Zara Yacob: Rationality of the Human Heart

Zara Yacob was an Ethiopian philosopher, a rationalist thinking who wrote nearly a hundred years before Descartes. Claude Sumner has written extensively about Zara Yacob, devoting a career to Ethiopian philosophy and penning many books. Kiros says "Sumner is right when he contended that Zara Yacob along with Descartes was a founder of modern philosophy" (p. 17). Tedros Kiros explains, elaborates and expands upon the work of Zara Yacob in "Zara Yacob: Rationality of the Human Heart" (2005). For those unfamiliar with Zara Yacob, it is a good starting point. It is not a translation of Zara Yacob, for readers interested in engaging with the original work, Claude Sumner's translations offer more complete renderings. A few notes:

"Zara Yacob's notions of human nature are arrestingly modern. He, like Machiavelli before him, is a shrewd observer of human behavior. He is critical, sufficiently suspicious, and cautiously optimistic. He does not unnecessarily expect much from us humans. Nor does he damn us, like Hobbes before him that we are nasty and brutish. He has a balanced view of our capacities." (p. 26)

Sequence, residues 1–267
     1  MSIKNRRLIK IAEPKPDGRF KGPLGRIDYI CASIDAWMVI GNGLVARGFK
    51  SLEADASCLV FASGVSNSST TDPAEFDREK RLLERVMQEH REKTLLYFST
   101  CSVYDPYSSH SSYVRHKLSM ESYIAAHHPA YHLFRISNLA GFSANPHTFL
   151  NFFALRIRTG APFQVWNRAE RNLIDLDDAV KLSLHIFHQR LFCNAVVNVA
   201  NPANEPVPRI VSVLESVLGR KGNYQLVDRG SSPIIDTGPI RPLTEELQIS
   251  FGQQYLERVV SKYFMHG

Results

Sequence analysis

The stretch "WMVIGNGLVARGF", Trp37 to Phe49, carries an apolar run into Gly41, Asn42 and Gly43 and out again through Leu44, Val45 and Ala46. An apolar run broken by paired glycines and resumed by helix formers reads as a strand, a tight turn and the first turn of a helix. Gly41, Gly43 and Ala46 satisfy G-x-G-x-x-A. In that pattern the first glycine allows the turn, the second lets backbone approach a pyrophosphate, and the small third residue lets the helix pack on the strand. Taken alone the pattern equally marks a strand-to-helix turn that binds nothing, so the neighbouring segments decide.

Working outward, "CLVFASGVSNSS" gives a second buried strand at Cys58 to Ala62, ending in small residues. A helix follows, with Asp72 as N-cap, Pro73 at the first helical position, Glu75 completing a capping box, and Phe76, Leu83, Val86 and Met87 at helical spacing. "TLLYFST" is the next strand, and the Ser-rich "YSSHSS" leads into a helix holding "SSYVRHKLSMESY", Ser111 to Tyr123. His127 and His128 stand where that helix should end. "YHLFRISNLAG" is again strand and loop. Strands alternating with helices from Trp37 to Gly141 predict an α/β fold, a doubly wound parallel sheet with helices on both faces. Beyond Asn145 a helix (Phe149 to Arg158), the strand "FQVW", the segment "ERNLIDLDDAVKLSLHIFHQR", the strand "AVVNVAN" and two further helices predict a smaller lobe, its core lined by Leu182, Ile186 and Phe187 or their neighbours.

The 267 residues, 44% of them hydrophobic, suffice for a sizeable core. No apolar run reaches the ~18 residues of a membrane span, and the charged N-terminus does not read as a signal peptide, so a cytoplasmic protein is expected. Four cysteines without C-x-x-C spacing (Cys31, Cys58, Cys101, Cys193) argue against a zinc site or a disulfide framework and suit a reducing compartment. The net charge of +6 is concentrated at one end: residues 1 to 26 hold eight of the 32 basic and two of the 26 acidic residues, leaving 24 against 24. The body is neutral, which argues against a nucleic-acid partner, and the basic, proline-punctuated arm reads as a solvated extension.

"Those who subjected the Jew to the torture chamber, and those who consciously enslaved and colonized others chose to do so. They chose wickedness to enrich themselves. Some will mistakenly think that these were classic cases of ignorance moving people to choose evil. I disagree. I think instead that these are powerful cases that prove Zara Yacob's thesis that choosing wicked things produces wicked human beings with wicked characters that easily lead them to choose wickedness over and over again." (p. 66)

"Throughout the Treatise we hear Zara Yacob bitterly complaining about the Frang as constantly and relentlessly harassing Ethiopian priests to convert to Catholicism, to renounce their primitive ways, to rebaptize by force if necessary. There are shocking statements of rebuke, ridicule, and utter disrespect of Ethiopian customs. The Ethiopian ways of eating, of worship, of seeing, are all indiscriminately condemned." (p. 99)

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